Fraternity pledges stake 24-hour claim on spirit

Nicole Aikens

Most students on campus brought out some of their winter gear a little earlier than they would have liked. At 9 a.m., at least one member from the Tau Kappa Epsilon fraternity had been present at the Spirit Rock for the previous 12 hours, and they were determined to make a full 24.

This year’s pledge class for the fraternity decided to show their dedication by painting the rock and guarding it for an entire day. For 24 hours, the pledges wanted to brave the weather, or anyone else who wanted to paint the rock, to show their loyalty to Tau Kappa Epsilon.

“It was an idea thrown out there, and we wanted to show our commitment,” said Ben Burnside, freshman public communication major.

The 17 members in the pledge class, armed with close to 20 cans of red, black and white paint, split the 24 hours into two-hour shifts after they initially painted the rock at 8:50 Wednesday night.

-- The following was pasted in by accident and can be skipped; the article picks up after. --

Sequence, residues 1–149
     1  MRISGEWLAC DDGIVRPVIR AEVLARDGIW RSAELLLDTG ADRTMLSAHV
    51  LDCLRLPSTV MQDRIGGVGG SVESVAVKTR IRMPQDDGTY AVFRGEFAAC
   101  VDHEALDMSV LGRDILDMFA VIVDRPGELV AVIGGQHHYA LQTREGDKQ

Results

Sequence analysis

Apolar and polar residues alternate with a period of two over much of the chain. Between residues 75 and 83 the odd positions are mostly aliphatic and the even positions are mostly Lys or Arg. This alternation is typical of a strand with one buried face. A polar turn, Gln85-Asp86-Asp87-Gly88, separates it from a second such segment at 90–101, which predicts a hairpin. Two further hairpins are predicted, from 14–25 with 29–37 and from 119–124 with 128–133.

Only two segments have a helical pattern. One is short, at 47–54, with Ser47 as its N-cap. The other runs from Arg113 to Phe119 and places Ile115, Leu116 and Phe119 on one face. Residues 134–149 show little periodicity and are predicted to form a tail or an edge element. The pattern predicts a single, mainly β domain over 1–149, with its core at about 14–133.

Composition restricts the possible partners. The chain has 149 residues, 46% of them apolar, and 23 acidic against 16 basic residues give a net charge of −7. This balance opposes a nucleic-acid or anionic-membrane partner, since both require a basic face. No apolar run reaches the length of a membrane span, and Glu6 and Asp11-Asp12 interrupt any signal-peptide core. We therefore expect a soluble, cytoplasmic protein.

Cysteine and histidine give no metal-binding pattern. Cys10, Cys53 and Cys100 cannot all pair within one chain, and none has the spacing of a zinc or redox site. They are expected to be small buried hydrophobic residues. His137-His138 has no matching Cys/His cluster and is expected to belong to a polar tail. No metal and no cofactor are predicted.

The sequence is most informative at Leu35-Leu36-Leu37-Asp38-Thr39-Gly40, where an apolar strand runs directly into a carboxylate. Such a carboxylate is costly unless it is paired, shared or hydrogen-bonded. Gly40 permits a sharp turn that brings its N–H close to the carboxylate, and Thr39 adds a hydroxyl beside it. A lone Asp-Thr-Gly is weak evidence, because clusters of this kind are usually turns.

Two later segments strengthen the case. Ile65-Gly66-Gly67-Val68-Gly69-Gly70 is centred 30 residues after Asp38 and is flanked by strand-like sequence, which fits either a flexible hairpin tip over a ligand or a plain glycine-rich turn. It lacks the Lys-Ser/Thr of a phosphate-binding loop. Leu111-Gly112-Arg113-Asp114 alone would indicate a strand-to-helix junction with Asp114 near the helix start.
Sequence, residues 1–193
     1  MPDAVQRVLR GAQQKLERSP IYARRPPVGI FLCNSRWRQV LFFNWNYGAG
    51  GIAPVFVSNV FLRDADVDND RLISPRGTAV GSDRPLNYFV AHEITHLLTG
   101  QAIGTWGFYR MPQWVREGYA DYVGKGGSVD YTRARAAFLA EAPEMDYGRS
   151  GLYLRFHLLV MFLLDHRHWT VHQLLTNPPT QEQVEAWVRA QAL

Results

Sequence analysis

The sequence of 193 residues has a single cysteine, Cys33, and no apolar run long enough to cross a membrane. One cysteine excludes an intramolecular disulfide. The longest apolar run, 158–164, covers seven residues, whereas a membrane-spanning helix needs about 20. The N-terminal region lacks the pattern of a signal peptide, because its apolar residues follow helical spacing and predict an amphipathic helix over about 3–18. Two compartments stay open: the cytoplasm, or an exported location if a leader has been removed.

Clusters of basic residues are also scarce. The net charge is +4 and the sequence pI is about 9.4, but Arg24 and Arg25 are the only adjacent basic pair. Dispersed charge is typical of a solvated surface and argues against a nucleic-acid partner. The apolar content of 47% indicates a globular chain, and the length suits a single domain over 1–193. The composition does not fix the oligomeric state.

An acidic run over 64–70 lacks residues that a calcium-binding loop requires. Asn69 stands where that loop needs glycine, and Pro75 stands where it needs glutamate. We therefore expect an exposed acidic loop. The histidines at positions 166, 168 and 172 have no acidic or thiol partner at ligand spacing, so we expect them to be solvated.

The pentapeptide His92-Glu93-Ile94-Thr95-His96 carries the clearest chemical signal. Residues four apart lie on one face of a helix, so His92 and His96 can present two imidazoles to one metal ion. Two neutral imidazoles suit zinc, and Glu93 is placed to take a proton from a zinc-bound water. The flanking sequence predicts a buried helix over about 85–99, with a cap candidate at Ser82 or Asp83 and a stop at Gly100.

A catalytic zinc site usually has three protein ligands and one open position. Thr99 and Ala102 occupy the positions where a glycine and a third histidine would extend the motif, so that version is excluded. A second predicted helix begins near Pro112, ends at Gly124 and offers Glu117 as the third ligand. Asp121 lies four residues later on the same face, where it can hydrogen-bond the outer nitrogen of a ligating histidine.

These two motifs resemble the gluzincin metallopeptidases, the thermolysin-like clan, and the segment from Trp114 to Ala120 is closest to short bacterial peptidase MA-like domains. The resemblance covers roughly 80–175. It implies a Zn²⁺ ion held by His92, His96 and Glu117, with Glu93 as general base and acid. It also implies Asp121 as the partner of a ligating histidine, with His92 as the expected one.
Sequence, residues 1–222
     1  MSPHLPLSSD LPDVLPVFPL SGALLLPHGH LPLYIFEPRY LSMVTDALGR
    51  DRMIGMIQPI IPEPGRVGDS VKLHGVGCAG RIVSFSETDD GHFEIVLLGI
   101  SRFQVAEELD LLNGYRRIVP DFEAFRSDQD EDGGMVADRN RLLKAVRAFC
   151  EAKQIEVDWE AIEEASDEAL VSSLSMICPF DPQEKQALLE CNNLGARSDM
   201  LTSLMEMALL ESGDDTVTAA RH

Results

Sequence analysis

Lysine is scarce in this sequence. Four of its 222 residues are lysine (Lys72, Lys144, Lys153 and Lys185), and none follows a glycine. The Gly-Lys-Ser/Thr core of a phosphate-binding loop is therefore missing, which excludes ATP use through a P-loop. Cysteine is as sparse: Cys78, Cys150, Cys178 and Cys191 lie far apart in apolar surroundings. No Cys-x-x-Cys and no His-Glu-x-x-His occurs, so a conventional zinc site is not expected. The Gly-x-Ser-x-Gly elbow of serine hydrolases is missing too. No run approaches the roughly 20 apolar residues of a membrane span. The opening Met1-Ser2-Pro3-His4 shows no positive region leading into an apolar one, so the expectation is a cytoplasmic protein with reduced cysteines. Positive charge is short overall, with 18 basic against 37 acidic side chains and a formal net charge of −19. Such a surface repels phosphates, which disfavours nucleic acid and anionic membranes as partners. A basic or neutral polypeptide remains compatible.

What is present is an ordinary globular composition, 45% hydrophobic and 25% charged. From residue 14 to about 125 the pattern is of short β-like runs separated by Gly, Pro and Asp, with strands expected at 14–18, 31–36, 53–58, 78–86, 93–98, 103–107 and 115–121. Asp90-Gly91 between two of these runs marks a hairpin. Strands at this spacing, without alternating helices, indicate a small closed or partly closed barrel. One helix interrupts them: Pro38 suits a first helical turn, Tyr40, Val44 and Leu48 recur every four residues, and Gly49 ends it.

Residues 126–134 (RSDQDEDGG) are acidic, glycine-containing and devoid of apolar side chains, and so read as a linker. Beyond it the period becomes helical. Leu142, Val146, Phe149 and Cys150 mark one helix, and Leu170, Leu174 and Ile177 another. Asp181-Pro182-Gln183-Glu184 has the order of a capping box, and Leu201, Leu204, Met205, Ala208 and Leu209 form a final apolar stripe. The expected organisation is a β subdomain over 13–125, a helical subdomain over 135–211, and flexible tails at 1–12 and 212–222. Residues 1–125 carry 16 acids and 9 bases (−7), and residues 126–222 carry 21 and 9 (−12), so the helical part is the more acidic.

Since the rock is public property, the pledges can’t stop anyone from painting it, but that doesn’t stop them from guarding it from anyone who wants to try.

“We just foreworn them that if they want to paint it, we’re just going to paint right over it,” Burnside said.

After they first painted the rock, the College Democrats came out to cover it. It didn’t take the pledges long to redo it.

“Once they walked away, we covered it right up,” said Mason Sekanic, freshman exploratory major.

The pledges haven’t been initiated into the fraternity, but they are still willing to stick it out for the 24 hours to show their dedication. And there’s still a chance they’ll never end up as members.

“Basically, it just gives being in a fraternity more meaning,” said Conner Phillips, freshman physics major. He said that he has talked to other fraternities and sororities, and they don’t do anything like it.

Another reason the guys are willing to sit in the cold and guard the rock is it brings them closer together. Rather than sit and do their own things, Phillips and Sekanic mostly talked on their shift together.

“It’s a way to meet people and know your brothers a little better,” Sekanic said. “Even if you don’t get in, you have a solid group of guys you know.”

Contact Nicole Aikens at [email protected].